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Colorado Follows Oregon’s Lead

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Colorado Follows Oregon’s Lead

Election day was generally positive but sobering for the psychedelics world. A Colorado ballot initiative to decriminalize magic mushrooms and establish a framework for legal use passed with 53% of the vote, after polls suggested it might not make it. And in Oregon, which saw a similar statewide initiative pass in 2020, 25 counties and even more municipalities opted out, putting a pause or full stop to psilocybin service centers across much of the state. What should we make of this?

Regulating psychedelics. Colorado first. The proposition that passed follows the Oregon model for legalization: state authorities will regulate healing centers where licensed practitioners provide psilocybin to participants. An advisory board will solicit community input while preparing recommendations for the state health authority, which is to support the opening of the first healing centers in 2024. If you’re excited by what’s happening in Oregon, your reason for excitement just doubled.

But the Colorado campaign exposed deep rifts within the psychedelics movement. Grassroots organizers who played key roles in Denver’s groundbreaking ballot initiative to decriminalize psilocybin in 2019 came out against the measure. They claimed this regulatory approach favors well-healed players and companies looking for big profits, which will make the services prohibitively expensive for many who need them. They claimed that out of state money — over $4 million from New Approach, the group behind the Oregon law — drove the initiative, and that local activists weren’t listened to, though the proposition’s supporters disagreed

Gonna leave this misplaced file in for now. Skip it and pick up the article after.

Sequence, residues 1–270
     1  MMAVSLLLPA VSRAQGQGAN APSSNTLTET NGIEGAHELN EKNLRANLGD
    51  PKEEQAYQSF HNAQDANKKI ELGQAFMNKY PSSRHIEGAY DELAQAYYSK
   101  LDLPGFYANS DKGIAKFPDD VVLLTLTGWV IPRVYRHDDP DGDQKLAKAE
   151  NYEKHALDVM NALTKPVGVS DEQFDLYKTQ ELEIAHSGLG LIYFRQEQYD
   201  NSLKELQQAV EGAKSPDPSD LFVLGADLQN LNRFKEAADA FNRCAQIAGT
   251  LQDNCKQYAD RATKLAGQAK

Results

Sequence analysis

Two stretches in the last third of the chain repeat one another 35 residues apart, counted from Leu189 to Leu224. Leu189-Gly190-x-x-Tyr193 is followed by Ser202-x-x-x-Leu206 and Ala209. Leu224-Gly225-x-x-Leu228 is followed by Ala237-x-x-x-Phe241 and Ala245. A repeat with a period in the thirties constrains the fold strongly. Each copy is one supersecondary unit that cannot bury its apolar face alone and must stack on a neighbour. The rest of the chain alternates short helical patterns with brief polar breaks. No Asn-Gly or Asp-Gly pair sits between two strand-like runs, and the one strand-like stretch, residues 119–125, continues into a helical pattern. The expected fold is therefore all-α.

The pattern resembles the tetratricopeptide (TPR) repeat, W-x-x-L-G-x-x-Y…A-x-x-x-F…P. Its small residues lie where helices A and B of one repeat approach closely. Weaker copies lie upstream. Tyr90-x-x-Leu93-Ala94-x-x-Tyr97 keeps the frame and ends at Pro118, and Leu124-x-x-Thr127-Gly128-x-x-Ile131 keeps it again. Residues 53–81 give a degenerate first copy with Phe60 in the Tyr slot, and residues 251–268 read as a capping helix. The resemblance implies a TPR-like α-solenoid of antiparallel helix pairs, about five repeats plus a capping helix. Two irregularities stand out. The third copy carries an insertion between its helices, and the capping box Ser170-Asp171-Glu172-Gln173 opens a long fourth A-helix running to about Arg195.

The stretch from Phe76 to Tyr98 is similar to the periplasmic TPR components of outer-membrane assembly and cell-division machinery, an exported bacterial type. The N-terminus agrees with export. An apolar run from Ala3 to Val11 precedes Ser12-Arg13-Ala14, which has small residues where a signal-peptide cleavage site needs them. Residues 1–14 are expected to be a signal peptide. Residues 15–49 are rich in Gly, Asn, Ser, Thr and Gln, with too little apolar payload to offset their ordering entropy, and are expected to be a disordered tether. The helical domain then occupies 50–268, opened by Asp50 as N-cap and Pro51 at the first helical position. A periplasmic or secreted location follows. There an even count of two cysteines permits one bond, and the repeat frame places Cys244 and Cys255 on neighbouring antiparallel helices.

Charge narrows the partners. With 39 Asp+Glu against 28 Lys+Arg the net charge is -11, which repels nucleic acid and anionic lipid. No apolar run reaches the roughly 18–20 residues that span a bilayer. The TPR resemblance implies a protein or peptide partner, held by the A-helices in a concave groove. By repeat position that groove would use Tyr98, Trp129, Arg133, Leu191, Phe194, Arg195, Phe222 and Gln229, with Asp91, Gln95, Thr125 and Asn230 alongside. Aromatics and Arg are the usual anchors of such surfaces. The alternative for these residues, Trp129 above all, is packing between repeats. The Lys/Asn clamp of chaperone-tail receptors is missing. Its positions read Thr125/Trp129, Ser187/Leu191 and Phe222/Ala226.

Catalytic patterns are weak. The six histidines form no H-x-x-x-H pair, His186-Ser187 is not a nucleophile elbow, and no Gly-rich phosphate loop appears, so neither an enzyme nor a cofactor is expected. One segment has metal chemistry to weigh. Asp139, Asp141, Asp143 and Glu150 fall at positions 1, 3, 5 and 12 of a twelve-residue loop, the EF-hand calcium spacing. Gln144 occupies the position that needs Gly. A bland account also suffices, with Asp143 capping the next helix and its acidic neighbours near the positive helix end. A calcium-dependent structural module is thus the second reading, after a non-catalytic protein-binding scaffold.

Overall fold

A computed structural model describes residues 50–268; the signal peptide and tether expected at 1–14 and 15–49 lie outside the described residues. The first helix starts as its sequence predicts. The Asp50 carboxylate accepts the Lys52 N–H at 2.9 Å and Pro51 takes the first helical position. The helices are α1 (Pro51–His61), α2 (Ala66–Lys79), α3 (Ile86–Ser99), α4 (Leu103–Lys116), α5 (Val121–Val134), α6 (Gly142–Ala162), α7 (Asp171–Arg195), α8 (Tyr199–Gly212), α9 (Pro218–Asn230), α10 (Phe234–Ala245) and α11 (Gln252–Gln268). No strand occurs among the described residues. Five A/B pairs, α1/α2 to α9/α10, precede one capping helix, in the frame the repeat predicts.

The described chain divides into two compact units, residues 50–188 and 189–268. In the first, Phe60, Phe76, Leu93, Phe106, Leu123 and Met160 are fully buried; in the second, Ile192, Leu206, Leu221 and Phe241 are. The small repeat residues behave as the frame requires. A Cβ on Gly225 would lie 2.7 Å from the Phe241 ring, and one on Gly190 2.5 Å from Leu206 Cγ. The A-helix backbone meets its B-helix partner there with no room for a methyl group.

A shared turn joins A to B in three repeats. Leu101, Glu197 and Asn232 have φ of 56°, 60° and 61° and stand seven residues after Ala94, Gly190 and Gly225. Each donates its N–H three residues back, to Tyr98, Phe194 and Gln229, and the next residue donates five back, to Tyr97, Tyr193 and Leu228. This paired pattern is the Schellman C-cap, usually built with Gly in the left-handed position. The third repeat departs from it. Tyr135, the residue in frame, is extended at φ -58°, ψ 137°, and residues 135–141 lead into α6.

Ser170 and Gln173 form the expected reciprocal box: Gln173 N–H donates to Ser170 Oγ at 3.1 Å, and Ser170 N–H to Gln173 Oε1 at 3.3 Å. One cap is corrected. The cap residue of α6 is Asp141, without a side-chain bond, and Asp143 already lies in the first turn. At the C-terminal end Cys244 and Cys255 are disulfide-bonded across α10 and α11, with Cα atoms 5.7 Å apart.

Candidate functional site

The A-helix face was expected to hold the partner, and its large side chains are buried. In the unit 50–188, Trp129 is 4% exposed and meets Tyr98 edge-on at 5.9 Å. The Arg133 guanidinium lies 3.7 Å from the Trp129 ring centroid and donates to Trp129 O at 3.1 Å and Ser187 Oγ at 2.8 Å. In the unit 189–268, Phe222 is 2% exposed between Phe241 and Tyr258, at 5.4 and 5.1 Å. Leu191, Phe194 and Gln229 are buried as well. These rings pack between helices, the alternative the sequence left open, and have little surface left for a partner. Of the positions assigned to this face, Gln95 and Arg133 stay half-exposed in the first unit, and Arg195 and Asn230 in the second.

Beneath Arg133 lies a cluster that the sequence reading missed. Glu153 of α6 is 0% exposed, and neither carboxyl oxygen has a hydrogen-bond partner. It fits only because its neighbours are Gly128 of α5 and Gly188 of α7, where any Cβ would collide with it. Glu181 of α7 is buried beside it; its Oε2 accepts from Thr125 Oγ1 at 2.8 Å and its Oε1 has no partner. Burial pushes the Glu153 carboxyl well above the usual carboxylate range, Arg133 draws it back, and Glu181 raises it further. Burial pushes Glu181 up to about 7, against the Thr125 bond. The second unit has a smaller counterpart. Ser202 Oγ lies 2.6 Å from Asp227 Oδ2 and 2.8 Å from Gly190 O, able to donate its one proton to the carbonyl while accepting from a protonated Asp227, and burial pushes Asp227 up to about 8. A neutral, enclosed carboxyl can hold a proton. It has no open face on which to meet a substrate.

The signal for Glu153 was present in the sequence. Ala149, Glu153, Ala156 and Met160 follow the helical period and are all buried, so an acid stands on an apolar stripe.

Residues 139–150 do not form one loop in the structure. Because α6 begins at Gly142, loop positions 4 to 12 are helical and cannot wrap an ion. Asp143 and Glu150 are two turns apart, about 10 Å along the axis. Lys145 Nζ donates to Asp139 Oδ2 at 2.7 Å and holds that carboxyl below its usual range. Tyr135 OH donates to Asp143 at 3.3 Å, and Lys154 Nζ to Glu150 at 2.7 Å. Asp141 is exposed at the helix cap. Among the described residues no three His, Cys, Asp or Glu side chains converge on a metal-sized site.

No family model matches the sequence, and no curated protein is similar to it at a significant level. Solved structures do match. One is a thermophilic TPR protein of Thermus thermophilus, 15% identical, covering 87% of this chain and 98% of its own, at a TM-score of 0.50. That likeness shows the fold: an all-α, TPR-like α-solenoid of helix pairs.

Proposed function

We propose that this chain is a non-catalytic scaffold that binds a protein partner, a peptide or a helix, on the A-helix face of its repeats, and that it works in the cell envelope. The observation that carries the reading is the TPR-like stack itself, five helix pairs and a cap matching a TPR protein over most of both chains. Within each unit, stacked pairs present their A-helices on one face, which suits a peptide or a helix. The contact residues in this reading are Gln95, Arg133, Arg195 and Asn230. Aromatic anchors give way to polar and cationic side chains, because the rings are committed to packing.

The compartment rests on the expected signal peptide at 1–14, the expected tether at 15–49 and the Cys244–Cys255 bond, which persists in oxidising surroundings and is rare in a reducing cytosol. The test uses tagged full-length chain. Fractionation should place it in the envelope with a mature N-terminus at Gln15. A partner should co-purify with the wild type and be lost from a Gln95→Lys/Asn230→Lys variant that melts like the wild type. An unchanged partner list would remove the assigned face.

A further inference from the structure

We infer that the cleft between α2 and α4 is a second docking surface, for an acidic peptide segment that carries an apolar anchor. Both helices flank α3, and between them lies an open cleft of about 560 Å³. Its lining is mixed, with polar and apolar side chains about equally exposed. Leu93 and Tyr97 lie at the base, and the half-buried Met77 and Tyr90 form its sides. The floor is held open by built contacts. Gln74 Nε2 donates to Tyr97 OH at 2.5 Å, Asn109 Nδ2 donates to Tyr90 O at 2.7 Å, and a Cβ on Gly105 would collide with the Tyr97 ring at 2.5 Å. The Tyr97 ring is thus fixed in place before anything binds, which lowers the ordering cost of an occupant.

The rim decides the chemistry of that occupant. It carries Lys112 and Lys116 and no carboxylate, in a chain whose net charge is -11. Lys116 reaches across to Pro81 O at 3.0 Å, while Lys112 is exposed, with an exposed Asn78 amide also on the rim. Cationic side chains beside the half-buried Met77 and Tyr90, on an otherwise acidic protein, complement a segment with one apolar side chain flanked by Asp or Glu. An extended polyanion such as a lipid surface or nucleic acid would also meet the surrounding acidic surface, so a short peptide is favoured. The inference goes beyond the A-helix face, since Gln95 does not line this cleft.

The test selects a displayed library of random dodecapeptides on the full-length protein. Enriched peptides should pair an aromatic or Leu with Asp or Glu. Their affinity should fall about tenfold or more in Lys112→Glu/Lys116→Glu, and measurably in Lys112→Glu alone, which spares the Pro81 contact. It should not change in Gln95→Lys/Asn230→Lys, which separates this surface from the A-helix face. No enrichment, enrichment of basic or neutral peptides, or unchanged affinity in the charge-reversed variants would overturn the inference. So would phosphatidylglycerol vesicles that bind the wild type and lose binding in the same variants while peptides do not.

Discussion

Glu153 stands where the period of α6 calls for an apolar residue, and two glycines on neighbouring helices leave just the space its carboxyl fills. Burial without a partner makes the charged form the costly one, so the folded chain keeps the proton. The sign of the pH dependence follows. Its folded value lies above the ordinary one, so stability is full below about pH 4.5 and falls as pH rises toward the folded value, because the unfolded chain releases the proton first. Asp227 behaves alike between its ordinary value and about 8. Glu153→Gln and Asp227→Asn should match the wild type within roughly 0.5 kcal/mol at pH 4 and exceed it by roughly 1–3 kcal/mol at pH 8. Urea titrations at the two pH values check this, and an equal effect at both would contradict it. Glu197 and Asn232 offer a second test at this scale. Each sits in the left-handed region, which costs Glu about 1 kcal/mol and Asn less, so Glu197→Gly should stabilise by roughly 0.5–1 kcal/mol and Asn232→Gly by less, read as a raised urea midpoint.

How fast? Critics also proposed that it might be better to move toward legalization more slowly, so community groups can mature in order to hold space for the many new people now coming to the changing psychedelic landscape.

The Oregon vote suggests that those critics might be onto something. Twenty-seven Oregon counties and over 100 municipalities put initiatives on the ballot to block psilocybin service centers from operating in their area, which was set to start next year. Only two counties voted yes to keep them. Results like that highlight the need for education to address fears and build support in the neighborhoods where these service centers will ultimately operate. And that may take some time.

Oregon advocates point out that service centers are still welcome in 20 of the state’s most populated cities, as well as 11 counties. Over half of the state’s population of 4.27 million will have local access. We can hope that their future success will convince the regions that opted out to reconsider down the road. But a concerted education effort, along with deliberate community building, is key.

Effective communication. One of the two Oregon counties that did vote in favor was Jackson. The country includes Ashland, which since 2008 has been home to the first legal Santo Daime ayahuasca church in America. Perhaps that positive experience helped to influence the vote?

Silo Wellness intends to open a healing center on a 960-acre property outside of Ashland. Mike Arnold, the company’s founder, spoke at a county planning commission hearing and afterwards said, “The public process worked. Folks came in, we testified as to what the reality of a service center is.” Given all the misinformation propagated by the drug war over many decades, taking the time to communicate the reality of psychedelics feels like a smart move.

Trending is a series of news analysis essays by the Lucid News editorial team that appear weekly in our newsletter. To read past newsletters, and to subscribe, click here.

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